Any woman won’t do. If you don’t agree, picture Ann Coulter as our next president. The idea of a Coulter in the White House brings up two words for me: Bonjour Quebec. Hillary might be exactly who this country needs, but it’s not because of what she is, it’s about who she is.
 
I understand that my struggle to choose between Barack and Hillary is disappointing for some of my friends and sister feminists, but that doesn’t make me a bad feminist. Bad feminism is not taking a stand against the gender stereotypes that are being used to attack Hillary and her campaign (regardless of your politics). These attacks are built on the same name-calling strategies that keep many of us from speaking out. How many of us are silenced by the fear of labels like ball-buster, cold, aggressive, too ambitious, loud mouth, pushy, and, dare I say, unfeminine?

There’s an interesting article on feminine norms that I reference often in my work. Basically, the researchers surveyed women to determine the criteria for “conforming to feminine norms” in our culture. The findings are painful and important. Let’s start with the top three:

1. Be nice
2. Be thin
3. Be modest about talents and abilities

The bottom line is pretty straightforward, be quiet and don’t take up too much space. Other norms include investing in appearance, maintaining romantic relationships and sexual fidelity.

Understanding these norms makes it easy to see why Hillary is an easy target. It also might explain why Coulter’s dresses get sexier as her rhetoric gets meaner – maybe she’s trying to balance the ol' feminine norms. I bet those talking head appearances would all but disappear if she sported overalls and a crew cut. Of course, being white, educated and middle-class doesn’t hurt.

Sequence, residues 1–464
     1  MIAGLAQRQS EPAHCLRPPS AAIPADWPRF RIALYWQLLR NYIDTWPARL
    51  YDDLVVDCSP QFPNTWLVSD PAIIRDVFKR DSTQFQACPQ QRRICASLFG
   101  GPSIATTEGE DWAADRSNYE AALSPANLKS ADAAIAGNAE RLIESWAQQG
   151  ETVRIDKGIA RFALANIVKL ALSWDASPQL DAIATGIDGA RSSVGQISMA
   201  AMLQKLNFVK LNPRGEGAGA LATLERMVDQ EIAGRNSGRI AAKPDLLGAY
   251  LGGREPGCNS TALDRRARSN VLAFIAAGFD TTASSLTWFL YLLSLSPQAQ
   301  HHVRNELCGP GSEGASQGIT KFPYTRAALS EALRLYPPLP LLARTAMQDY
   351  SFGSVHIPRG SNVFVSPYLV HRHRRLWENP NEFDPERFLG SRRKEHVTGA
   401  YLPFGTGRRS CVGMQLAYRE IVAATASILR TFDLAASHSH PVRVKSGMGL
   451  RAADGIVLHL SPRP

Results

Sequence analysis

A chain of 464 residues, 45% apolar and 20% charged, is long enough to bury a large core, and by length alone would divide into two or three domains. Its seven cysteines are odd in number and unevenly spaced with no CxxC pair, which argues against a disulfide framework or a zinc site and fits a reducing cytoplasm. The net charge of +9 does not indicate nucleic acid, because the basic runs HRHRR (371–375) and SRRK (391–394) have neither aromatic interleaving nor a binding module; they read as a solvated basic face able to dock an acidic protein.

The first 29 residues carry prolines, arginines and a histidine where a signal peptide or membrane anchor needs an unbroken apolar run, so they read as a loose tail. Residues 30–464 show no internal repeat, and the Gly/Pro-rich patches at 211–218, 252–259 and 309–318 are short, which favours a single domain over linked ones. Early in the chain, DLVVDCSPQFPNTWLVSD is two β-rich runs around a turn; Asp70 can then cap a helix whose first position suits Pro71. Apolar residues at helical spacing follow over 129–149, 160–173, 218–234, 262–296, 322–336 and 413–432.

Honestly, I’d like to believe that this list of norms is as retro as bra burning, but you don’t have to click any further than askmen.com to know that the norms are alive and well. Check out the #1 woman on their list of the 99 most desirable women in the world: Katherine Heigl. I don’t know her, but she definitely seems nice, thin, modest and invested in her appearance to me. 

Of course, they didn’t use the “conformity scale” to determine their list. They had their own scientific approach:

“[We used a] more primitive sex appeal test; how long it would take before male staffers made a comment about a) her anatomy or, b) what they would 'do' to her. Needless to say, about two seconds elapsed before a comment was made, which easily qualified Katherine Heigl for the Sexiness Hall Of Fame.”

Puke.

Here’s the deal. I’m not sure if I’m going to support Barack or Hillary. I am still trying to figure out who will wage the best fight for peace and equality. In the meantime, I will continue to ride my own wave and wage my own fight for gender justice by supporting the right of every woman – Democrat, Republican, lesbian, straight, Muslim, Christian - to take up as much political, emotional, social, creative and spiritual space as she needs to be true to herself. This includes Hillary, Katherine and, yes damn’t, even Ann.
 

Reference:
Development of the Conformity to Feminine Norms Inventory
in Sex Roles: A Journal of Research,  April, 2005 
by James R. Mahalik,  Elisabeth B. Morray,  Aimee Coonerty-Femiano,  Larry H. Ludlow,  Suzanne M. Slattery,  Andrew Smiler
 

Thursday
Jan312008

love thursday

                                                 heros.jpg                                                                                                                                                                                     Everyone needs a hero (especially me this week). I only had to glance at the front of the fridge to see this picture and be reminded that my heros are right here. How can you go wrong with Princess Leia and Superman in your corner (and in your heart)?

Check out the Shutter Sisters for the larger lovefest.  I'm loving love thursday!

Wednesday
Jan302008

when the phone rings